In this age of political tensions after a controversial election, it’s not hard to say America feels more divided than ever. Sometimes its endless banter, but other times it feels like the United States is on the verge of another civil war. However, everyone knows it won’t be like the last American Civil War, with technology more prevalent among citizens and climate change on the rise. For decades, writers have tackled the idea of a Second American Civil War on paper, with many making their fictional version unique in many ways.
“American War” by Omar El Akkad…does that in some ways, but in other ways feels like a retread of dystopian fiction novels where America is in another civil war. I won’t say this book is bad because of this, since for a book centered on this concept, it does it well, but there were some parts I felt could’ve been expanded upon. The main characters are fine too, but it also feels like the author didn’t give much focus on them.
Set in the far future in the neutral territories of Alaska, an elderly historian recalls how in the year 2074, a controversial anti-fossil fuel amendment and a series of aggressive terrorist attacks lead the US states of Alabama, Mississippi and Louisiana to secede into the Free Southern State.
In the Free Southern State lived the Chestnut family, made up of a young girl named Sarat, her twin sister Dana and their older brother Simon. After their father dies in a bombing, their mother—a determined woman named Martina—has them move away from their squalid home along the flooded Mississippi River and to a refugee camp. The rest of the novel is essentially a recounting of Sarat and her experience in the bloody conflict across state lines, from the horrors of war to the horrible things she and her siblings did to survive, as well as the consequences it brought upon them and their psyches.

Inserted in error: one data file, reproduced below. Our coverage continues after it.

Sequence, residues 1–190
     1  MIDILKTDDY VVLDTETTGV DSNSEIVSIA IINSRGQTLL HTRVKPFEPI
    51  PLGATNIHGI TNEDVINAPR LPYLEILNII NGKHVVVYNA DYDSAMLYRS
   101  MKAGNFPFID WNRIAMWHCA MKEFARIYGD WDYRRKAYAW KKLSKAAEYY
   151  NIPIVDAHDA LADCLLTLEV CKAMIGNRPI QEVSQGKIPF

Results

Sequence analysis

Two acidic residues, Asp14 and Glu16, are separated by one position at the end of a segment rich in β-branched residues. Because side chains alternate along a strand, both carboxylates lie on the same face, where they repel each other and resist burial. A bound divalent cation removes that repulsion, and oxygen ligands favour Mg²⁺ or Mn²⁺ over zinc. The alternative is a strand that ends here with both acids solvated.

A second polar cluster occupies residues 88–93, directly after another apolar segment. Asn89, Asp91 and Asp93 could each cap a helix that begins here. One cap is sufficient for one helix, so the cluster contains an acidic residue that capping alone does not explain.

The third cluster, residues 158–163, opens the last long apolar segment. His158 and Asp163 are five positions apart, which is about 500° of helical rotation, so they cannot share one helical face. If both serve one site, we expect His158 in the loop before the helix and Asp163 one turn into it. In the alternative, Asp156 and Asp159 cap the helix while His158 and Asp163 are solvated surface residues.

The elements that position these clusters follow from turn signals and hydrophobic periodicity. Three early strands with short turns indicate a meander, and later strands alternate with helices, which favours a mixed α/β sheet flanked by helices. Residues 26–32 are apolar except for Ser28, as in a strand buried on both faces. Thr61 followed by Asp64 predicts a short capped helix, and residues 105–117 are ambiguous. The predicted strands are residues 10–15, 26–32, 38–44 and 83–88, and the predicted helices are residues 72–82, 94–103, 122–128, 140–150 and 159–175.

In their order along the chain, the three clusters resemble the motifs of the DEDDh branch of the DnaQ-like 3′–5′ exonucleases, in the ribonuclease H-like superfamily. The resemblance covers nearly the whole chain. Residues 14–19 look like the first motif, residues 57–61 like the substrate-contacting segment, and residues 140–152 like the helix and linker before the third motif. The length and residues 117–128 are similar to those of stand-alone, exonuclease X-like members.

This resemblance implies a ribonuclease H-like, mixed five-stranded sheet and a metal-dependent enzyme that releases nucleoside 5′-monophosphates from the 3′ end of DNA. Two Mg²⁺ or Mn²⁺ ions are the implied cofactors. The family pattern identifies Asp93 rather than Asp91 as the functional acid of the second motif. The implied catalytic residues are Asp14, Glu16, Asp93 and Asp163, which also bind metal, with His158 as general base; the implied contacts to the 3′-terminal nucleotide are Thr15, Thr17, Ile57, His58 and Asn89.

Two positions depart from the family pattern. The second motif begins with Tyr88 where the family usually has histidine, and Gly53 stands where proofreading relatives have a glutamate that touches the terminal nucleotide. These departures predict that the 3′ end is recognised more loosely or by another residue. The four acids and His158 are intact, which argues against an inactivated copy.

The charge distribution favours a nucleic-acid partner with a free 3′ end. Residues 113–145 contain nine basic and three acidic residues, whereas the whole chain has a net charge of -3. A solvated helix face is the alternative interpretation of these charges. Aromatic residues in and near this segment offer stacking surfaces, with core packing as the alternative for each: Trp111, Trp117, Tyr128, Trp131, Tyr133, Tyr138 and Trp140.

The first quarter is focused mainly on Martina and her actions in helping out her children with a better life. We see the determined tire she feels with each moment, the sacrifices made to get themselves safe passage, the horrors and risks faced.
The second quarter is focused on Sarat and her siblings, and how they fare in the refugee camp—called Camp Patience—and the friends they make while trying to comprehend the war-torn world around them. Camp Patience was quite familial as well, despite the situation and how pitted the North and South are against each other. It felt like a community in many ways.
We meet some interesting characters as well, like Marcus Exum and the friendship he forms with Sarat in a world where losing somebody is more common than rain. Her sibling rivalry with Dana and Simon as well as the deep connections and traumas they face are well-rooted as well, and you feel the dilemmas Sarat, her sister and soldiering brother Simon face (what happens to him by the end of the story is just so tragic and inspiring).
Speaking of which, why don’t we talk about her as a protagonist? As main characters go, Sarat is a mixture of interest and boredom. As a young girl she’s a tense but tomboy-ish ball of sunshine, but as she grows older Sarat’s pride for her heritage defines her actions as the war for Southern independence grows strong, and you feel how much she wants the Free Southern State to become independent. While you know her actions later in the book can be seen as downright deplorable, you feel how she feels and understand why she does this while feeling sorry for her.